Museum of Fashion & Textiles (Musée de la Mode et du Textile)

in the Louvre Museum, Paris

Today, the museum occupies 9,000 square meters and displays approximately 6,000 items at any time. It draws from its collections of works representing the history of costume from the French Regency period to the present (16,000 costumes and 35,000 fashion accessories), and textiles from the 7th century onwards (30,000 works), as well as examples of interior design, furniture, objets d’arts, wallpaper, tapestry, ceramic art, glassware, and toys from the Middle Ages to the present.

Musée Galliera


The collection’s focus on is costume and clothing design, covering key moments in fashion history and showcasing iconic French designers. The museum’s collection includes dress and accessories that run the gamut from basic streetwear to haute couture. The 18th Century department is home to one of the world’s largest collections of clothing from the Age of Enlightenment.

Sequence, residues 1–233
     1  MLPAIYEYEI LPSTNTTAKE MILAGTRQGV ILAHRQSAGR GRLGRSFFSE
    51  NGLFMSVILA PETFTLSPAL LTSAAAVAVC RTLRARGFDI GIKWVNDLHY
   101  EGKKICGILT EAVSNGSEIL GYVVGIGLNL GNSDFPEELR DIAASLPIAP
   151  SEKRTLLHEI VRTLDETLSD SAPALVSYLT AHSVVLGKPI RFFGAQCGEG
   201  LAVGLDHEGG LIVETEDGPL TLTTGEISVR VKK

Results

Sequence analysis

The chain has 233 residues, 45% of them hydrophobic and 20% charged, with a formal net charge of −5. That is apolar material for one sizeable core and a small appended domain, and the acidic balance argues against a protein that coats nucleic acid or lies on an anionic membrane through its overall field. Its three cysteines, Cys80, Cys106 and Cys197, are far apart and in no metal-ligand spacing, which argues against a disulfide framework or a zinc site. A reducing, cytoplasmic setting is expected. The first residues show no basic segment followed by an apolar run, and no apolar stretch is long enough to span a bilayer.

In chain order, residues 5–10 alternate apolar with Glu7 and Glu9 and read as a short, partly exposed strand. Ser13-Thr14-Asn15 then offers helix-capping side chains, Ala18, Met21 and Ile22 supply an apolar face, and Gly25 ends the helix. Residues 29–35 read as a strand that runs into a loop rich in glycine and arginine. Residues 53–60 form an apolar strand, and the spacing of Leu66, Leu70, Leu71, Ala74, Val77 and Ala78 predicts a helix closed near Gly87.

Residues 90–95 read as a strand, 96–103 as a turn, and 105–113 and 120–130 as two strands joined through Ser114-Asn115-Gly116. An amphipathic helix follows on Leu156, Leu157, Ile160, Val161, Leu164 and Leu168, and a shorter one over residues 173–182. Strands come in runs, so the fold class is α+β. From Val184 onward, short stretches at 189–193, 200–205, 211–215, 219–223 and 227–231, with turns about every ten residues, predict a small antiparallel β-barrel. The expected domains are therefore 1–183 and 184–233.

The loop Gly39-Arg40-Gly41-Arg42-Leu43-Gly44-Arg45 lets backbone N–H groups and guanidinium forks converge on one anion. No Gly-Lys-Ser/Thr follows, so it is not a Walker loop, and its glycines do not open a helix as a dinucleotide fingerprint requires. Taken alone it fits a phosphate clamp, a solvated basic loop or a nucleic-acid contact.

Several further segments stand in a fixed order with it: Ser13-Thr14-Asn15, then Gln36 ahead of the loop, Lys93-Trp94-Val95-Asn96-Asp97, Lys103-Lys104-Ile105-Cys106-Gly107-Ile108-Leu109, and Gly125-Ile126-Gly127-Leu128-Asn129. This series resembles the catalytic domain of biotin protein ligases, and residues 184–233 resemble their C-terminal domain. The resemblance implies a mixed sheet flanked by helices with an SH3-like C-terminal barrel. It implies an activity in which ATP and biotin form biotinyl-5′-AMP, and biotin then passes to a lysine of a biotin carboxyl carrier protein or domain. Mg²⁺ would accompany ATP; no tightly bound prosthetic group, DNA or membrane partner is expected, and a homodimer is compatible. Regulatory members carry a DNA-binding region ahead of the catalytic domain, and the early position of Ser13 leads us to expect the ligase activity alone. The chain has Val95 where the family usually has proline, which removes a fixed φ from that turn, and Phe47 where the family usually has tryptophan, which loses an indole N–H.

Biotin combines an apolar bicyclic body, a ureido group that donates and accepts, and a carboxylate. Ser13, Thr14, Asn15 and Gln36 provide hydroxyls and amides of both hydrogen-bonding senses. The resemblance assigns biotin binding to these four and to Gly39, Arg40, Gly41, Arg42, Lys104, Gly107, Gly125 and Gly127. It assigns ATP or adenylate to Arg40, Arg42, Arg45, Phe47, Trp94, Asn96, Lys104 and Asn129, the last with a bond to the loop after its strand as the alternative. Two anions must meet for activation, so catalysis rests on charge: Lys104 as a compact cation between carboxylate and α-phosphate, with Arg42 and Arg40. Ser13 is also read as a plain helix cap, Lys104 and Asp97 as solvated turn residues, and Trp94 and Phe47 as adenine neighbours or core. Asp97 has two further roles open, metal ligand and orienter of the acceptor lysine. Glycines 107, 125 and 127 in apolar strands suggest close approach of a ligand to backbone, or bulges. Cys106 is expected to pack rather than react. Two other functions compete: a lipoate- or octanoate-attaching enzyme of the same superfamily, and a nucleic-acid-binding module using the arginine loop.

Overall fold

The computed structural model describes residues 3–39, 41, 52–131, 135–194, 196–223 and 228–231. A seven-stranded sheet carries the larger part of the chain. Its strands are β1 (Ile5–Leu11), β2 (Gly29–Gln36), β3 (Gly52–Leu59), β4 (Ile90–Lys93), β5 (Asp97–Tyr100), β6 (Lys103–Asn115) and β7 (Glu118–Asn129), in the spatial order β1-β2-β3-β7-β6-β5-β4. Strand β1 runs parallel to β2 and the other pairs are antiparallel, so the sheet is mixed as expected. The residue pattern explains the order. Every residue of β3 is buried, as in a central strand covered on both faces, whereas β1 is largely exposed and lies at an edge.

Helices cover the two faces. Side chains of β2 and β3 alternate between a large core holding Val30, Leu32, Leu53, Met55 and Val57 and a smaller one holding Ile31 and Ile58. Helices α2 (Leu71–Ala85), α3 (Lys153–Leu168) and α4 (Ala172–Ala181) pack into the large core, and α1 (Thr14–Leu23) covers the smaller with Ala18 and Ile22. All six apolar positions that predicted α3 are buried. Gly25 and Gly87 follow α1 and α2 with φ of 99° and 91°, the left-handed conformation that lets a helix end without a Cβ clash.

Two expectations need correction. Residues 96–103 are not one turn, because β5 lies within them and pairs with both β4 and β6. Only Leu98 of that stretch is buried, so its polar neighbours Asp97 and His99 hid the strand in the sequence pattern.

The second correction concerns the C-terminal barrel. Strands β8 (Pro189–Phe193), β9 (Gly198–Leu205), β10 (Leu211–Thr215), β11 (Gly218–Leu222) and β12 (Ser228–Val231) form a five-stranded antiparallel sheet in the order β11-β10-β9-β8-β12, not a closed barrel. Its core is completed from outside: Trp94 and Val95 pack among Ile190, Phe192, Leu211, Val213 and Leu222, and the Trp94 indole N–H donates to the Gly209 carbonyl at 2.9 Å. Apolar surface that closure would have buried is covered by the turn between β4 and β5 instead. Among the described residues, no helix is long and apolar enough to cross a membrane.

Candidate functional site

Textile Museum of Decorative Arts (Le musée des Tissus et des Arts Décoratif)


This museum has a textile collection from around the globe, including Coptic tapestries, Sassanid Persian textiles, Byzantine and Muslim fabrics, Asia Minor carpets, and French silk production. Their costume department has mainly 17th and 18th century French dress, including the 14th century doublet supposedly worn by Charles de Blois, one of the earliest secular garments to survive.



Wesserling Textile Museum (Parc de Wesserling Ecomusée Textile)

at the Château de Wesserling, Husseren-Wesserling, Alcace

The textile museum opened in 1996, and is housed in an old block printing building. Its permanent exhibition shows the history of cotton and calico, and showcases the history of local production, showing the manufacturing process through expert demonstrations of spinning, weaving, dyeing, engraving and printing.